Modified Accelerated Cost-Recovery System (MACRS) + Bonus Depreciation (2008-2013)

The 5-year schedule for most types of solar, geothermal, and wind property has been in place since 1986. The federalEnergy Policy Act of 2005 (EPAct 2005) classified fuel cells, microturbines and solar hybrid lighting technologies as five-year property as well by adding them to § 48(a)(3)(A). This section was further expanded in October 2008 by the addition of geothermal heat pumps, combined heat and power, and small wind under The Energy Improvement and Extension Act of 2008.

Bonus Depreciation

The federal Economic Stimulus Act of 2008, enacted in February 2008, included a 50% first-year bonus depreciation (26 USC § 168(k)) provision for eligible renewable-energy systems acquired and placed in service in 2008. The allowance for bonus depreciation has since been extended and modified several times since the original enactment, most recently in January 2013 by the American Taxpayer Relief Act of 2012 (H.R. 8, Sec. 331). This legislation extended the placed in service deadline for 50% first-year bonus depreciation by one year, from December 31, 2012 to December 31, 2013. Currently, in order to qualify for bonus depreciation, a project must satisfy these criteria:

  • the property must have a recovery period of 20 years or less under normal federal tax depreciation rules;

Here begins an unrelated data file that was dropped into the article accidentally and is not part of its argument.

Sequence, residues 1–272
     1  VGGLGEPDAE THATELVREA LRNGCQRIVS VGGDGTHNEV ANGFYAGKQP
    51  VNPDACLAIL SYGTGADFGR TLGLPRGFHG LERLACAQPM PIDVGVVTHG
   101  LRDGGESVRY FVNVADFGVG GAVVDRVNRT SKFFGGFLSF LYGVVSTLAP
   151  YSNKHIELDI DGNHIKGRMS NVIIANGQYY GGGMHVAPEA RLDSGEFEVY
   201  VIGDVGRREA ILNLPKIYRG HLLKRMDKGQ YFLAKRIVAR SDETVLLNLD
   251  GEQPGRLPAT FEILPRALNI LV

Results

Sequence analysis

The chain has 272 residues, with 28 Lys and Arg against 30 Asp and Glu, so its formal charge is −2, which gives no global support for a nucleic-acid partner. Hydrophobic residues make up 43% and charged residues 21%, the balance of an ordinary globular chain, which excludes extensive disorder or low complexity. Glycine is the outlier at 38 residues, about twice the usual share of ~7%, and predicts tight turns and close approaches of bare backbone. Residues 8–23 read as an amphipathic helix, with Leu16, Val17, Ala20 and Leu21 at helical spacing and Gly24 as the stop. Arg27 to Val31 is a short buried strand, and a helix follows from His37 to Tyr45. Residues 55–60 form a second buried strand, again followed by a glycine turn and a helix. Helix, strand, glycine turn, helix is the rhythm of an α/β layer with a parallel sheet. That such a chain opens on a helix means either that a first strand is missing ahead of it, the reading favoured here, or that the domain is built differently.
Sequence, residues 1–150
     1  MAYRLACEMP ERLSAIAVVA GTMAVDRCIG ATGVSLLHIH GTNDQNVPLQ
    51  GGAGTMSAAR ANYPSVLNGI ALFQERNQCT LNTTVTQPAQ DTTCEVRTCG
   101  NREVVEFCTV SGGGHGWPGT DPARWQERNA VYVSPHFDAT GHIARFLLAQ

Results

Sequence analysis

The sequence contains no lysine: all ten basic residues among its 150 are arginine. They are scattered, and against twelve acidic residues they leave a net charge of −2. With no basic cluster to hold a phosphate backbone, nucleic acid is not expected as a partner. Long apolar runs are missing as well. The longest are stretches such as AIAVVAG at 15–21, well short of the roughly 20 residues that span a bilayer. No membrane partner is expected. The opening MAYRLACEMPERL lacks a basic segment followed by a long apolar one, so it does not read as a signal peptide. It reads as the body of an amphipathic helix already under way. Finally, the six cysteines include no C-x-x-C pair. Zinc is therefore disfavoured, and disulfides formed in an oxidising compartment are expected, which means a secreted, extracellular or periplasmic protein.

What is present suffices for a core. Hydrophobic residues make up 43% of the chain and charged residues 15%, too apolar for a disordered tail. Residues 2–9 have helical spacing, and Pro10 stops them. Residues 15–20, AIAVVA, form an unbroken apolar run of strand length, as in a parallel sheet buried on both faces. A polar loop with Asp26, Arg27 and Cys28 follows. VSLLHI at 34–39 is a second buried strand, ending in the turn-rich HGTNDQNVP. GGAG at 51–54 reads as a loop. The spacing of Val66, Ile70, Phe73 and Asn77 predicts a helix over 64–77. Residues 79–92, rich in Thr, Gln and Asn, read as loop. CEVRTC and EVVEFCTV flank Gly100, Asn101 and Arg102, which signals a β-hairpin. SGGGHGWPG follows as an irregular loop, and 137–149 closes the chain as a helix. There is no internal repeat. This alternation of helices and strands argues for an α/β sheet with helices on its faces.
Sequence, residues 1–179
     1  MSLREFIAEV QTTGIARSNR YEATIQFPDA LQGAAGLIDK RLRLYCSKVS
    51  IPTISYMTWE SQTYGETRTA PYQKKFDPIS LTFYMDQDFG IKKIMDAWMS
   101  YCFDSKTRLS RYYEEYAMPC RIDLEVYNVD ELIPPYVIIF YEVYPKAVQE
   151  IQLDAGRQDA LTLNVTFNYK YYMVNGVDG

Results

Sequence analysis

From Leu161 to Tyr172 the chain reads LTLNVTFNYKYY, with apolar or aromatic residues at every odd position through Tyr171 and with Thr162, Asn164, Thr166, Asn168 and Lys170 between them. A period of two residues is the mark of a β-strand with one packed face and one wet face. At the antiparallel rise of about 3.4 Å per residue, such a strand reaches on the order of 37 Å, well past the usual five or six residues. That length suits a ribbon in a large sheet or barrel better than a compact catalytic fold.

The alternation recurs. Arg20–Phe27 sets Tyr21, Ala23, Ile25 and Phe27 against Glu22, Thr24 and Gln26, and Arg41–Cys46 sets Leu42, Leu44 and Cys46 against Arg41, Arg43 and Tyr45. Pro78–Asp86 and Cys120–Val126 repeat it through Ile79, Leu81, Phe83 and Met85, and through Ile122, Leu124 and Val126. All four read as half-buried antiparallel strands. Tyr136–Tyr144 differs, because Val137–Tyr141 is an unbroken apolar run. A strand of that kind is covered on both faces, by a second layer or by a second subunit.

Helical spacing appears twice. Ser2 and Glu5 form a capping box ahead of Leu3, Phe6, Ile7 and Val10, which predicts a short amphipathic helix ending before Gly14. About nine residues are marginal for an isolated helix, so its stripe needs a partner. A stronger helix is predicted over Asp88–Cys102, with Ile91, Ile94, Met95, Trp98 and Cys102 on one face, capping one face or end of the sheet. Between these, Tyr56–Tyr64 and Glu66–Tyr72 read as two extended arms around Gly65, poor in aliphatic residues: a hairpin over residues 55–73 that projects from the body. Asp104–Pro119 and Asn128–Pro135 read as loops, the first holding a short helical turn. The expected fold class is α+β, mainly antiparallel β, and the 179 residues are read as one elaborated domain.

• the original use of the property must commence with the taxpayer claiming the deduction;
  • the property generally must have been acquired during the period from 2008 - 2013; and
  • the property must have been placed in service during the period from 2008 - 2013.

If property meets these requirements, the owner is entitled to deduct a significant portion of the adjusted basis of the property during the tax year the property is first placed in service. For property acquired and placed in service after September 8, 2010 and before January 1, 2012, the allowable first year deduction is 100% of the adjusted basis (i.e., the property is fully depreciated and additional deductions under MACRS cannot be claimed). For property placed in service from 2008 - 2013, for which the placed in service date does not fall within this window, the allowable first-year deduction is 50% of the adjusted basis. In the case of a 50% first year deduction, the remaining 50% of the adjusted basis of the property is depreciated over the ordinary MACRS depreciation schedule.

The bonus depreciation rules do not override the depreciation limit applicable to projects qualifying for the federal business energy tax credit. Before calculating depreciation for such a project, including any bonus depreciation, the adjusted basis of the project must be reduced by one-half of the amount of the energy credit for which the project qualifies.